Special: Understand how the increase in fuel impacts the lives of Brazilians – Prime Time Zone

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Petrobras’ current policy of equalizing prices to the international market, taxes levied and distribution fees raise values

JF DIORIO/ESTADÃO CONTENTHigher fuel prices affect virtually all sectors of the Brazilian economy

To understand the problem of fuel increases it’s important to know how they get out of Petrobras and arrive at the posts with the high price. The state-owned company sells the fuel to distributors, which, in turn, add the mandatory percentage cost to the value, around 33.4%. Ethanol costs 16.9% at the pump. Distribution costs and profit from the resale of the distributor and the service station are 10.7%. On top of this last amount, 11.3% of federal taxes such as CID, PIS/PASEP and COFINS are charged, as well as the state tax, ICMS, which can vary between states, but on average is 27.7%. In addition to the taxes, the final value is also changed, and mainly, by Petrobras’ current market policy, which matches domestic prices to those used internationally, quoted in dollars. And the biggest problem is that the fuel crisis interferes in virtually all sectors of the Brazilian economy, affecting the consumer at various points.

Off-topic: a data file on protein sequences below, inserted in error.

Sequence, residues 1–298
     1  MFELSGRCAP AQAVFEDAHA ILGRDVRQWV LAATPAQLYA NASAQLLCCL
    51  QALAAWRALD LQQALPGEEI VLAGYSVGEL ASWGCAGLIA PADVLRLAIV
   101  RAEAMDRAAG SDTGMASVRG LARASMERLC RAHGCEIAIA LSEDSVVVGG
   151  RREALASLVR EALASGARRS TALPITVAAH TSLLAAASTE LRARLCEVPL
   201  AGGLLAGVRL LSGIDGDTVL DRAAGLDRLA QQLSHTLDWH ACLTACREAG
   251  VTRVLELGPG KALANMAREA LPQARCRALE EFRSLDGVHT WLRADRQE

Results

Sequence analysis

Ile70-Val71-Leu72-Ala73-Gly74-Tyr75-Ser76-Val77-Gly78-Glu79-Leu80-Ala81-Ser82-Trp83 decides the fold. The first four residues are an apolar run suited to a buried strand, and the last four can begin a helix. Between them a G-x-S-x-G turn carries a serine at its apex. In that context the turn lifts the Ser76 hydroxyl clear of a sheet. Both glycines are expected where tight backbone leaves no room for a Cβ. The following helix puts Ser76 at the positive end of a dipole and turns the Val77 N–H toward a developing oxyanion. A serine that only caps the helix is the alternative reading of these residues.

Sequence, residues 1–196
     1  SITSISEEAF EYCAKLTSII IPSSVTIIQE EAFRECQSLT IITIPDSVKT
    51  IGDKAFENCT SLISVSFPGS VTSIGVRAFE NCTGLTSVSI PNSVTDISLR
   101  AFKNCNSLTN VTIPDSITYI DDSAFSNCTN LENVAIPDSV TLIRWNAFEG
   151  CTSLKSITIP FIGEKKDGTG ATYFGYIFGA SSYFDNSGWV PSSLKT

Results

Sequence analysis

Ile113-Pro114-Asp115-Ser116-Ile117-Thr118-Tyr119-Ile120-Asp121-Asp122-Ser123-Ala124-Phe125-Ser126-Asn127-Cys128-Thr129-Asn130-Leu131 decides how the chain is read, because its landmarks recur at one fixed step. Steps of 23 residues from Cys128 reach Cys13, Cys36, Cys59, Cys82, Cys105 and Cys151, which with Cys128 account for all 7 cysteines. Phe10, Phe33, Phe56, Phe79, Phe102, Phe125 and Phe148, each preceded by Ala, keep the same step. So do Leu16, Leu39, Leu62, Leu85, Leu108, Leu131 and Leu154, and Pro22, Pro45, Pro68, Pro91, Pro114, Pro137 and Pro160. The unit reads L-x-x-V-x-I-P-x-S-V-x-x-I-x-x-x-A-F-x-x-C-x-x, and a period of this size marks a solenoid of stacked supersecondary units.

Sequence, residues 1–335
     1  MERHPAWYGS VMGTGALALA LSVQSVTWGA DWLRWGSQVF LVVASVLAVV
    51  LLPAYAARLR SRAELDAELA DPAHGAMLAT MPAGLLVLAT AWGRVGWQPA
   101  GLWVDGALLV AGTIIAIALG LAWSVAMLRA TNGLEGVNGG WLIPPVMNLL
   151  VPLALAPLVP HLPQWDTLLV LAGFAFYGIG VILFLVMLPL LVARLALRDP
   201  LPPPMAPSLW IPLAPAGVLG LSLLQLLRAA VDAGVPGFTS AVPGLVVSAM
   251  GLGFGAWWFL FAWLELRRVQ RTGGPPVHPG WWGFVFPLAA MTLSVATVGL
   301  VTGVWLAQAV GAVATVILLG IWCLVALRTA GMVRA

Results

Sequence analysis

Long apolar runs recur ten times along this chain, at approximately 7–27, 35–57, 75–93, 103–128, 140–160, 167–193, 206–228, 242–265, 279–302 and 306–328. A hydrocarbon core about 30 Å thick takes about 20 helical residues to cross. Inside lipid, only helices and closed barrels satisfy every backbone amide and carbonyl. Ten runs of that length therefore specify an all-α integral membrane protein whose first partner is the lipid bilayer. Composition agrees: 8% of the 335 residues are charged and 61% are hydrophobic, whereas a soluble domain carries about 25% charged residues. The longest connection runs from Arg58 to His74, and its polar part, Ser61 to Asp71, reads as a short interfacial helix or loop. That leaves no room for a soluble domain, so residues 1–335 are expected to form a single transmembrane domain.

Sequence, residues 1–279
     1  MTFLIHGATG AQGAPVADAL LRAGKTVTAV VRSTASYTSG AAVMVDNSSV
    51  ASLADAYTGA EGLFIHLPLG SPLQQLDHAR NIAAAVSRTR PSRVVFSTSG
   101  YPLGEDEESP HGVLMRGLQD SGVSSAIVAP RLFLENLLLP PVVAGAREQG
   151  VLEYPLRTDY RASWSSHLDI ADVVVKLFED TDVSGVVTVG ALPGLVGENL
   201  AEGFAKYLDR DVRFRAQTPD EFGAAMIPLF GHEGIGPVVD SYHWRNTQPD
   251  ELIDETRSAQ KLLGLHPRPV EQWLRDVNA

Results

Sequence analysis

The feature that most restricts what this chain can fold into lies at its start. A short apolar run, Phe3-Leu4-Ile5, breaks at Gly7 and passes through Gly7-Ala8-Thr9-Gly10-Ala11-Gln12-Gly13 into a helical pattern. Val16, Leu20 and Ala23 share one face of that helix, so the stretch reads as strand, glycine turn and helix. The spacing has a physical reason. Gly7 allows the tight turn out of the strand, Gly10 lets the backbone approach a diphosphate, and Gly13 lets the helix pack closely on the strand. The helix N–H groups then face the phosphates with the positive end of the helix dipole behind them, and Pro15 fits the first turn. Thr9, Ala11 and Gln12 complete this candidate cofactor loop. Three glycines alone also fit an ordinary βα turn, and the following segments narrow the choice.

In addition to these factors, there is still another problem that makes life even more difficult for the consumer, the bad businessman, who tries to deceive the customer by tampering with the fuel pumps. Prime Time Zone caught a specific case of a gas station in the Luz region, in the center of São Paulo, and followed the legal procedures of the Institute of Measures Weights (IPEM) of the Government of the State of São Paulo. “There is probably fraud in the quality and quantity of fuel. There are bombs that have been sealed, that could not be opened, that have been broken and are selling. They also remove devices from pumps to make inspection more difficult. But no problem, the inspection continues. The police are here and IPEN has subpoenaed the owner of the gas station and we are going to punish fuel suppliers who deceive the consumer. The fine is up to R$ 1.5 million and the post may even be closed”, said the secretary of Justice and Citizenship, Fernando José da Costa.

*With information from reporter Maicon Mendes